One reason reform programs had lost public support--leading to problems in implementation--was a failure to identify and address unintended effects of policies on vulnerable social groups. Directors noted the conclusion of the external evaluators that structural adjustment generally has positive effects on income growth and poverty reduction, and that the cost of the reforms often falls more heavily on the better off than on the poor. Nevertheless, it was important to ensure that the poor are protected during the process of adjustment and reform. To achieve this, Directors agreed that: social impact assessments should be conducted during the design of an ESAF-supported program; based on these assessments, measures to protect the poor should be incorporated into the program; and the social impact of the program should then be monitored during implementation. In addition, closer attention should be paid to developments in the real level of social spending, through an assessment of changes not only in nominal spending but also in the relative price of social services, and, more generally, to poverty alleviation. Directors reiterated that the Fund would need to rely on the expertise of the World Bank to carry out this work, and they welcomed the Bank’s intention to collaborate more actively in this process, including in the context of five or six pilot cases. The problem of inadequate data availability was recognized, but Directors hoped that it would ease gradually as the work proceeded.

    Directors also welcomed the proposal to intensify and enhance the existing channels of Bank-Fund collaboration on other aspects of program design. In particular, there was a need for more effective joint work with country authorities on the formulation of reforms in the public enterprise and banking sectors, where the internal review had traced slow progress in part to weaknesses in Bank-Fund collaboration. Better collaboration--which will be a special focus in the pilot cases, but should also be attempted more widely--should aim, for instance, to: ensure that programs target early reform of those public enterprises that pose a significant threat to the public finances; identify up front the likely costs of bank restructuring, including their dependence on the pace of reform, so that these can be incorporated into the program’s macroeconomic framework from the outset; and help countries plan and execute the strategies to build political support for reforms. The Bank and the Fund should also work to ensure that their technical assistance, and that of other agencies, is well coordinated, made available on a timetable that meets the country’s needs, and contributes to the development of the authorities’ own institutional capacity to make and implement policy.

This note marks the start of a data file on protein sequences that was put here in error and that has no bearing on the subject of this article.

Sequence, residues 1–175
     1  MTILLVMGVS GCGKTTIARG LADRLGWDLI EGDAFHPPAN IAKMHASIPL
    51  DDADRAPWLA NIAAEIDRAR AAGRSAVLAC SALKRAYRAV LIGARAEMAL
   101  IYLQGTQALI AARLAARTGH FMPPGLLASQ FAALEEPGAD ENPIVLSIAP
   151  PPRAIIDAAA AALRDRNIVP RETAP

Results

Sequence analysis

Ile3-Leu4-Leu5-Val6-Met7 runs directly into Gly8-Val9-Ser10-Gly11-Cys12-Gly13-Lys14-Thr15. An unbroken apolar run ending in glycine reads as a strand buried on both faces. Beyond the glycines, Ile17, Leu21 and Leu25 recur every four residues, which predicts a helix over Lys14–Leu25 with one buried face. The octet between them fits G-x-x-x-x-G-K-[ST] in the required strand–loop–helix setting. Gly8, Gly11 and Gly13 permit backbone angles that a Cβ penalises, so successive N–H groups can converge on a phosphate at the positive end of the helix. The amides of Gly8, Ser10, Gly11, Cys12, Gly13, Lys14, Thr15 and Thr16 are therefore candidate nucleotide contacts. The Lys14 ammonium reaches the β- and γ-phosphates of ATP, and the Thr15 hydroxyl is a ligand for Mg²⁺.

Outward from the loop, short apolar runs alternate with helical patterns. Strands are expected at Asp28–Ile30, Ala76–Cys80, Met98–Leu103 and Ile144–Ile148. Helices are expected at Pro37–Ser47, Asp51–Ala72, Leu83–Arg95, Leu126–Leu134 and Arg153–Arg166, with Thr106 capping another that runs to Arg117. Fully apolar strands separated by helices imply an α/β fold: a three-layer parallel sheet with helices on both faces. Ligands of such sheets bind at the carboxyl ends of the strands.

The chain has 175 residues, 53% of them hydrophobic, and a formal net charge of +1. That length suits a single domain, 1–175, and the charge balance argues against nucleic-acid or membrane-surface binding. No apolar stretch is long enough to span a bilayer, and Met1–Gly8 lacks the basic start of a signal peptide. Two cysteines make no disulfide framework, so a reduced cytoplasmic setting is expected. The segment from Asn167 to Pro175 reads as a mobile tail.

In addition, Directors endorsed the collaborative efforts between Bank and Fund staff and the national authorities to assess--in countries that have a track record of macroeconomic stability and are implementing policies that promote domestic saving--the potential to absorb higher inflows of aid for investment spending without jeopardizing fiscal or external sustainability. If this analysis demonstrates significant absorptive capacity with limited prospect for private external financing, efforts could be made to increase access to official financing from the ESAF, the World Bank, and bilateral donors, in support of a strong medium-term program that targets early progress in critical areas of reform. Equally important for these and other countries was to create the conditions for inflows of private capital, especially direct foreign investment. To this end, countries must ensure open markets and transparent and effective regulatory and legal systems.